By: EIA – Natural gas pipeline exports from the United States to Mexico surpassed 7 billion cubic feet per day (Bcf/d) on multiple days during June, according to data from Wood Mackenzie. The highest amount of pipeline exports, 7.4 Bcf/d, was sent out on June 17.
Over the past few years, Mexico has expanded its natural gas pipeline infrastructure and has relied increasingly on imported natural gas from U.S. pipelines. Pipeline imports accounted for 76% of Mexico’s total gas supply in June 2021, compared with 40% in June 2015. Mexico has reduced both its gas production and imports of liquefied natural gas (LNG) as a share of its total natural gas supply.
U.S. gas pipeline exports to Mexico averaged 6.8 Bcf/d in June 2021, up 25% from June 2020 and 44% more than the previous five-year (2016–2020) monthly average. We expect these record-high flows, which were driven by increased power demand, high temperatures, and greater industrial demand in June, to continue through the summer.
New pipeline additions that went into service during 2020 and in the first half of 2021 increased the volume of natural gas flowing to natural gas-fired power plants, industrial plants, and pipeline interconnections throughout Mexico. Two cross-border pipelines drove the growth: the Sur de Texas-Tuxpan Pipeline, which has a capacity of 2.6 Bcf/d and delivers natural gas from the U.S. border at Brownsville, Texas, to Tuxpan in Veracruz, Mexico, and the Trans-Pecos Pipeline (part of the Wahalajara system), which has a capacity of 1.4 Bcf/d and delivers natural gas to the U.S. border at Presidio, Texas.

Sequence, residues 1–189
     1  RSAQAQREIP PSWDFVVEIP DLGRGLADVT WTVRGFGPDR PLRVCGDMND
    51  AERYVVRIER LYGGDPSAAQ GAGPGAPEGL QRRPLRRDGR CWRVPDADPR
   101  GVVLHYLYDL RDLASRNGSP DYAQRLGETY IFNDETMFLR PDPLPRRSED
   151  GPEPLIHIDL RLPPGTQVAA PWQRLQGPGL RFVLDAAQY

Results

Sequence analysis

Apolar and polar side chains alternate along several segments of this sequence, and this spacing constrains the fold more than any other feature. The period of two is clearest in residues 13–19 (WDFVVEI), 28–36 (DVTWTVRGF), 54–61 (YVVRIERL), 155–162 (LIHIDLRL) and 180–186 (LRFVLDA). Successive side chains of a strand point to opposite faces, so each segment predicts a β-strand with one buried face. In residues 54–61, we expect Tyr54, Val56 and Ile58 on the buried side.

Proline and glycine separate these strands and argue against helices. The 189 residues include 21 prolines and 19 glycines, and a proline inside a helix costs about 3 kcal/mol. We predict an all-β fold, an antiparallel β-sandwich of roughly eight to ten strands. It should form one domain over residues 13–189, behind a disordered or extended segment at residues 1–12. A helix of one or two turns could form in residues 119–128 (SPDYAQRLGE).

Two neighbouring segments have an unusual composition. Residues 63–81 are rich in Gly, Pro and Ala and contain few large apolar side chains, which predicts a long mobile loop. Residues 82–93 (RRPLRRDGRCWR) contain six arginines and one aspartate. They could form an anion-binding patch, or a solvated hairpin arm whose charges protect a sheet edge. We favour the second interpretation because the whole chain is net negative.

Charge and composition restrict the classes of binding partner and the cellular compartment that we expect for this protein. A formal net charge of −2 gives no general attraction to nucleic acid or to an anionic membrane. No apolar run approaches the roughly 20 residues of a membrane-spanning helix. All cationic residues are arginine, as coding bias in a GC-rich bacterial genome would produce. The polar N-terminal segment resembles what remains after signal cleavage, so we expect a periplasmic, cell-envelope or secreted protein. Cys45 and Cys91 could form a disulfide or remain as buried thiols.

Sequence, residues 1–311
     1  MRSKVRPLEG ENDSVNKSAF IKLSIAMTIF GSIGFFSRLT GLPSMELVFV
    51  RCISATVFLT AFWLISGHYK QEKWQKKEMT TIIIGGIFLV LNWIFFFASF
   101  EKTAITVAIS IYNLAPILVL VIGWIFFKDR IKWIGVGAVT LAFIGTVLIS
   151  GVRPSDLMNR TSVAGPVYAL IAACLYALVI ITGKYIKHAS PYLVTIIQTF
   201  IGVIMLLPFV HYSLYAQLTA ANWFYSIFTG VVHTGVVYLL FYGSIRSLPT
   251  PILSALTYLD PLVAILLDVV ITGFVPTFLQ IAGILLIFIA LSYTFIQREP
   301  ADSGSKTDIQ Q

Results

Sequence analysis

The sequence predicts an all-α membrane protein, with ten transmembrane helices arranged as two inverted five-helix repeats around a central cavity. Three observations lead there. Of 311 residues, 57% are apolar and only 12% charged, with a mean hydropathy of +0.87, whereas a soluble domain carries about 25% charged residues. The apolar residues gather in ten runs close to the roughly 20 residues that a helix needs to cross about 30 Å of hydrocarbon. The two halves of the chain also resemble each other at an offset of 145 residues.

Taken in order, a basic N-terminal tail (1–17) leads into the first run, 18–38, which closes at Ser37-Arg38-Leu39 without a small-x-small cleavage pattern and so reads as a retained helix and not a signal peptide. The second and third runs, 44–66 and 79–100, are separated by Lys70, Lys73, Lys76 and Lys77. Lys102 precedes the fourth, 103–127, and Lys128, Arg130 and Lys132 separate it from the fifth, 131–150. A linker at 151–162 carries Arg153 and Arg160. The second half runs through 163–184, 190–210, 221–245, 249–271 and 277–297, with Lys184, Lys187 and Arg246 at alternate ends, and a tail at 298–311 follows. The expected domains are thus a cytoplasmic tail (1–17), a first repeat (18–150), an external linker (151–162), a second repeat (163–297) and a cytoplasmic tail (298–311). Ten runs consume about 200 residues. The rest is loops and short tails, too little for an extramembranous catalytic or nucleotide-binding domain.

The Sur de Texas-Tuxpan Pipeline increased flows to an estimated 1.7 Bcf/d in June 2021, compared with year-ago levels of 0.8 Bcf/d. The pipeline’s volume increased because of the expanded infrastructure in Mexico, which has allowed more natural gas to flow to power plants in the Mexico City region and to Mérida markets in the Yucatán Peninsula.
The Trans-Pecos Pipeline increased flows to the Wahalajara pipeline system to 0.8 Bcf/d, compared with year-ago levels of 0.2 Bcf/d. This pipeline connects the Waha Hub in West Texas to Guadalajara and other population centers in West-Central Mexico. Some of this increase is the result of the increased flow capacity on the Villa de Reyes-Aguascalientes-Guadalajara Pipeline (VAG) in Central Mexico, and subsequent delivery points that entered service when the pipeline was completed in October 2020.
Because of increased access to gas imports, Mexico has increased its use of natural gas to generate electricity. Power plants in Mexico used about 4.9 Bcf/d of natural gas for power generation in June, up 19% compared with last year. Seasonally high temperatures in areas of Northern and Central Mexico during parts of June also increased demand for electricity. Industrial sector gas demand reached 3.3 Bcf/d in June, up 31% compared with last year, largely driven by the return to pre-pandemic demand levels and the reversal of related economic effects.